Tips for Boosting Vitamin D Intake

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Happy Sunday friends! Being that Sunday is a great day for reflection, this week I am urging you to reflect on your vitamin D intake. You may be thinking, “vitamin D, just another vitamin…how could it possibly be that essential to health?” or “foods are fortified with that right?” I am here to tell you it is very important and it may not be as easy as you think to get enough in. This past week, I participated in a media segment for WZZM 13 (see link below for full video). As I prepared this segment, as a dietitian, I was even surprised by how challenging it can be to get enough vitamin D in, especially in the winter Michigan months. So this week, I urge you to reflect on your diet to make sure you are getting enough vitamin D in or consider supplementation. I will tell you why…

Vitamin D is the vitamin that is essential for bone health. It not only helps reduce risk of osteoporosis and osteomalacia, but it also has been shown to help the immune system, muscle function, cardiovascular function, respiratory system, brain development, and have anti-cancer effects.

http://www.wzzm13.com/entertainment/television/programs/my-west-michigan/boosting-your-vitamin-d-intake/387029604

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According to recent reports from the CDC, research shows about one-quarter of Americans were at risk for vitamin D inadequacy and close to 10% were deficient. Individuals at risk for deficiency include those with darker skin tones, overweight or obese, breastfed infants, older adults, those with Crohn’s or Celiac disease, and individuals living in northern climates.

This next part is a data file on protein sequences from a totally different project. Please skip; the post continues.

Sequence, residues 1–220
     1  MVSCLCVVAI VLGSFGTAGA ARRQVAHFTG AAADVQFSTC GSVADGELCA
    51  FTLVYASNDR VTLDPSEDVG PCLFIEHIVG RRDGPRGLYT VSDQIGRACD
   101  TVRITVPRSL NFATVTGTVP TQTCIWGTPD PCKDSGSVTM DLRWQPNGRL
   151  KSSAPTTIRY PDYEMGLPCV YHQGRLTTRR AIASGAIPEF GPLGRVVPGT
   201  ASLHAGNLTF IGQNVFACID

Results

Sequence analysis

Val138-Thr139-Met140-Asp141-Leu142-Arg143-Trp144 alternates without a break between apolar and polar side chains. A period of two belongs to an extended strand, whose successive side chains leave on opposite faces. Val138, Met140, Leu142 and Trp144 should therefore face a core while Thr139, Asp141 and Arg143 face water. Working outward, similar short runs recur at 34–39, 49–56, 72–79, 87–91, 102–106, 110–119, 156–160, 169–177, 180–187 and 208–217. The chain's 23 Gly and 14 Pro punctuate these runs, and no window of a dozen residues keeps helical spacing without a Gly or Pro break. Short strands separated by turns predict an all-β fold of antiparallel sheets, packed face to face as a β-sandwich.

How much do we need?

According to the Food and Nutrition Board, infants up to 12 months need 400 international units (IU), children, teens, and adults from ages 1-70 years require 600 IU, adults 71 years and older need 800 IU, and pregnant or breastfeeding women require 600 IU.

How do I get enough vitamin D?

The best sources of vitamin D are UV rays from sunlight and dietary sources or supplementation. Ten to fifteen minutes of summer sun midday before applying sunscreen can produce the body’s requirement for vitamin D. However, if you don’t have access to sun year round, you must depend mostly on dietary intake. Unfortunately, there are not many naturally occurring vitamin D-containing foods. On a positive note, many foods are now fortified with vitamin D, such as milk and orange juice, making it a little easier to meet vitamin D intake requirements. Here is a list of other vitamin D food sources:

  • Salmon, 3 oz: 447 IU
  • Mackerel, canned, 3 oz: 264 IU
  • Tuna, albacore, 3 oz: 122 IU
  • Tuna, white, canned, 3 oz: 72 IU
  • Cod liver oil, 1 Tbsp: 1281 IU
  • Fortified margarine, 1 tsp: 25-36 IU
  • Fortified orange juice, 1 cup: 100 IU
  • Fortified milk, 1 cup: 115-124 IU (depending on fat percent)
  • Fortified yogurt, 6 oz: 80 IU
  • Sardines, 2 each: 56 IU
  • Eggs, 1 large: 41 IU
  • Fortified cereal, 1 cup: 40 IU

Key tips to remember:

  • Try eating fatty fish in a variety of ways, especially throughout winter months.
    • Ahi tuna sushi bowl
    • Mini salmon cakes or croquettes (can also do this with tuna)
    • Mackerel dip with whole grain crackers and veggies
    • Sardine toast (avocado slices, canned sardines, and sliced jalapeno on a piece of dark rye bread. Squeeze lime on top.)

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  • When choosing milk, orange juice, yogurt, or margarine, always make sure it is fortified with vitamin D.
  • Still not sure if you are getting enough vitamin D? Talk to your doctor about trying vitamin D supplements. If done safely, dietary supplementation can be a healthy way to ensure you are getting enough vitamin D.

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Now that I have given you some great ideas for incorporating more vitamin D in your diet, get out there and try some! Have a great week!

-EAW

 

Resources:

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